FOXY BROWN (1974)
Once Jack Hill and Pam Grier hit their stride as an effective team of writer/director and actor muse with COFFY, of course they would do it again. What is exploitation if it doesn’t make use of a winning team? For that matter, a wining formula is one to which all of Hollywood aspires.
Knowing that black audiences found in Grier a strong non-tokenistic female action heroine to cheer on, Hill distilled her appeal into a full-blooded vigilante hell-cat with FOXY BROWN. It was originally meant to be a direct sequel to COFFY but when AIP nixed that idea, hasty changes had to be made and there was no time for example to establish what job Foxy had compared to her previous role's nurse duties.
FOXY BROWN is a fun action vehicle though with some relishable dialogue and vengeance mayhem for Grier to savour. This is signalled from the start as she is telephoned by our old Blaxploitation friend Antonio Fargas as her brother ‘Link’. His nervy hustler persona is perfectly suited to playing her ne’er-do-well sibling who can’t stay out of trouble and needs help in being extracted from mobster bad debt repercussions. With a sigh, Foxy gets out of bed (giving us the first of many unnecessary but welcome boob shots), reaches for her pistol and rescues him. She does this by mounting the pavement in her car, having Fargas get in at speed, plummeting face-first through the sun-roof and depositing one of the tenacious hoods who clings to the hood into the harbour.
Shady Fargas cannot resist easy opportunity. His lack of self-awareness is over-shadowed by a burning desire to channel his creative energy: “You tell me what I’m supposed to do with all this ambition?” he moans. He justifies his scheming against what he sees as black social failure all around him, including Foxy’s lover Michael Anderson (Terry Carter) whom he denigrates as a ruined informer, when he is in fact an undercover federal agent who’s undergone plastic surgery to enable him to go incognito back on the streets. Foxy visits him as he’s completing his recovery and almost administers some non-medicinal TLC before a nurse spoils it. Link spoils things even more by treacherously informing on Anderson after Foxy tries to hide his old identity. The mob shoots Anderson to death and Foxy threatens to kill her spineless scum-bag brother when she finds out he was responsible for the tip-off. “You think you’re back in with these people? They got a stick of dynamite up your ass and the fuse is burning!” She has a solution to rectify the situation:
“The only way to handle these smart-ass hoods is with a bullet in the gut!”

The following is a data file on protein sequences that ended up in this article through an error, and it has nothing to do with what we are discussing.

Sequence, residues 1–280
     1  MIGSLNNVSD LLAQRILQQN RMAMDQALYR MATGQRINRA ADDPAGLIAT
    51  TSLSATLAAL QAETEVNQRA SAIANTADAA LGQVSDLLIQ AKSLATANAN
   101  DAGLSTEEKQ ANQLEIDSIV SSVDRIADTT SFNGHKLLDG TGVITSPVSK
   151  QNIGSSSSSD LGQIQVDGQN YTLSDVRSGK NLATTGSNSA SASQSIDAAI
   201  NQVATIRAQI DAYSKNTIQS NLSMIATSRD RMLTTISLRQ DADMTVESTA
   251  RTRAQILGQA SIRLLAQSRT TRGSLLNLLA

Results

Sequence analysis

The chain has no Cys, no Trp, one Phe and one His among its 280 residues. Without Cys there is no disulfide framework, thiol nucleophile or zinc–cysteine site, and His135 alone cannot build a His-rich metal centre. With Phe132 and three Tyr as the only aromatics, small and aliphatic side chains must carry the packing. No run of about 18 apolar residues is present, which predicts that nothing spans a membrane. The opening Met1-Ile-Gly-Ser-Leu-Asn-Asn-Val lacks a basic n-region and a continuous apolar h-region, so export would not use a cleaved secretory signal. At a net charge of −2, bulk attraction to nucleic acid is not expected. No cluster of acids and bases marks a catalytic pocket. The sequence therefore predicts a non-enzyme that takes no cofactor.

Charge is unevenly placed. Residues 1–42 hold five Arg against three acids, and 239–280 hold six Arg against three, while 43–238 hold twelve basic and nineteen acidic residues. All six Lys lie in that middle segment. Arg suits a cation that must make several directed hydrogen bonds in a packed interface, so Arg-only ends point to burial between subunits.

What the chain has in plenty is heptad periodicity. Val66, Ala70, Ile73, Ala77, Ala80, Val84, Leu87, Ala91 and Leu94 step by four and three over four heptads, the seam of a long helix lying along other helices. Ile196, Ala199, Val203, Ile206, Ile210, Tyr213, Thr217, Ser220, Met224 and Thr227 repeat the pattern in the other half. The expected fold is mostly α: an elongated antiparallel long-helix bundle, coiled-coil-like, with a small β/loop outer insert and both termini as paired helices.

Foxy leaves her apartment, having roughed up Link and his girlfriend like the Angel of Death. “That’s my sister – and she’s a whole lotta woman”, he mutters fearfully.
Foxy herself now goes undercover to get revenge, posing as a hooker for a ‘modelling agency’ run by the curiously androgynous villain Miss Katherine (Kathryn Loder). Her first customer is a corrupt judge who likes black women: “The darker the berry, the sweeter the juice”, purrs Foxy before dispatching the “pink-ass corrupt honky judge!”. Lines like these are scattered like Blaxploitation pearls throughout the script.
Foxy cuts like a scythe through the forest of gangsters, stopping off for help at a lesbian bar that is murkier than the dock-side dive in AIRPLANE. “I got my black belt in bar-stools” she rages during a brawl. She enlists the help of a pilot in the unlikely form of genre familiar Sid Haig. I say unlikely because aside from his dress sense of floppy hat and bushy beard making him resemble a boho painter, he refers to his skills as an airplane ‘driver’. (Surely a scripting or actor’s line faux-pas).
Foxy flies to the henchmen’s lair, where she ‘propels’ one hood into dismemberment by gunning the plane at him, and for good measure cuts off the penis of Miss Katherine’s lover. Back home, fetchingly leather-clad and bouffant of afro, she completes her mission by visiting the brothel madame and presenting her with her partner’s bottled appendage and then shooting her with the pistol she concealed in her hair.
Overall, FOXY BROWN pushes all the right buttons for sheer crowd-pleasing no-brainer fun. The executions and one–liners Grier delivers are a bravura answer to the male vigilante figures sparked off by Charles Bronson, but with more humour and the uncommon sight of a woman (and a black woman at that) in the driving seat.